Vitamins/minerals critical for the cowherd

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Geni Wren Luke Miller, MS, ruminant nutritionist with Great Plains Livestock Consulting, Inc., Eagle, Neb., says cow vitamin and mineral supplementation is always a concern when it gets close to calving season and producers are planning the subsequent breeding season.

Vitamins and minerals play a key role in allowing for many of the physiological pathways cows need for fetal development, growth, immunity and other metabolic processes. Miller offers some strategies for vitamin and mineral supplementation during this pre-calving to pre-breeding time period:

  • Calcium is crucial for smooth muscle function, and calving difficulty, retained placentas, and prolapses are a few signs of a calcium deficiency. A cow’s calcium requirement increases by 22% from mid to late gestation, and by another 40% after calving.
  • Phosphorus works hand-in-hand with calcium for bone and tissue development as well as milk production. Research is showing that phosphorus availability in some forages is much higher than thought. Miller says typically a range mineral containing 3-6% phosphorus is sufficient for a gestating cow not consuming any by-product feeds.
  • Copper, zinc, and selenium play an active role in enzyme activation and function and are involved in the metabolism of energy and protein. Chelated copper and zinc are recommended to be used in breeder minerals and also when weaning or receiving high-risk cattle. Chelated trace minerals are more available than inorganic sources, but are also much more expensive, and using them together can be cost-effective. Miller notes that copper and zinc are absorbed at the same location in the small intestine; over-supplementation of one can cause an antagonistic effect of the other resulting in a deficiency.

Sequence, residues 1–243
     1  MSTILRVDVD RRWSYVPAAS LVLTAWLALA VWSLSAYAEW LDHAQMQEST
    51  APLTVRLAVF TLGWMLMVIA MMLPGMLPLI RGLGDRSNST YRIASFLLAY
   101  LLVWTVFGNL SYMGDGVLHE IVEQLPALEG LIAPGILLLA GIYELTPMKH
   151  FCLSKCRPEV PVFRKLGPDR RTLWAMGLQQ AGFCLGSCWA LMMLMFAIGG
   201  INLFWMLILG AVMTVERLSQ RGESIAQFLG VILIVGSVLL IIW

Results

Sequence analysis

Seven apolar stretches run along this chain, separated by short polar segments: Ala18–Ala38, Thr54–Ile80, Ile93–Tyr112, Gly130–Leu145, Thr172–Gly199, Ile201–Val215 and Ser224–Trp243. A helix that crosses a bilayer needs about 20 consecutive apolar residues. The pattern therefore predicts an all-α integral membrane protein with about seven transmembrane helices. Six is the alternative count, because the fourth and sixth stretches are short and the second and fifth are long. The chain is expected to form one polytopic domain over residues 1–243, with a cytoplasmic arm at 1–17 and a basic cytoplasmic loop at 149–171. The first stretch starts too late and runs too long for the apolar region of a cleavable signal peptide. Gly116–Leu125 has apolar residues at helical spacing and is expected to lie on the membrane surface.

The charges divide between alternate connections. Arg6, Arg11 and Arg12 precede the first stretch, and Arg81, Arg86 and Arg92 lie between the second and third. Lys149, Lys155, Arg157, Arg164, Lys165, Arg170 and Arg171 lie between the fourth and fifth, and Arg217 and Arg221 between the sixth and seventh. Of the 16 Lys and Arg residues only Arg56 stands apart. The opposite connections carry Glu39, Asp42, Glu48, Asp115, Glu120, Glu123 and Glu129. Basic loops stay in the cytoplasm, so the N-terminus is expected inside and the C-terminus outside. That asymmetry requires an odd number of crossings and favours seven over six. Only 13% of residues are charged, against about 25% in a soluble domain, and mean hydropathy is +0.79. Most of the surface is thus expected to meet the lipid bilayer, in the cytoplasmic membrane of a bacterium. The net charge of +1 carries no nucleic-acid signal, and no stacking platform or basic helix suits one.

• Vitamin A supplementation has been shown to have a large impact on fetal brain development during mid-gestation. Weak, unthrifty, and blind calves are often a sign of Vitamin A deficiency during gestation.
  • Vitamin E plays a role in membrane development and disease resistance. It works along with Selenium as an antioxidant. White muscle disease in young calves is often a sign of a selenium and/or Vitamin E deficiency. Other symptoms of Vitamin E deficiency are weak calves and impaired suckling ability caused by poor development of tongue muscles.
  • Miller recommends paying attention to the manufacturing date of range mineral which often can be found on the tag, although sometimes it may be in code. Feeding a supplement that is 6 months old or older may not provide as much benefit as one only 1-2 months old or less.

Miller encourages forage testing for cow-calf herds and the development of a well-balanced ration to keep cows and their calves healthy.

Read Miller’s full recommendation’s in the November/December The Great Plains News Feed. For more information on winter cow nutrition and supplementation in the cowherd, view these articles:



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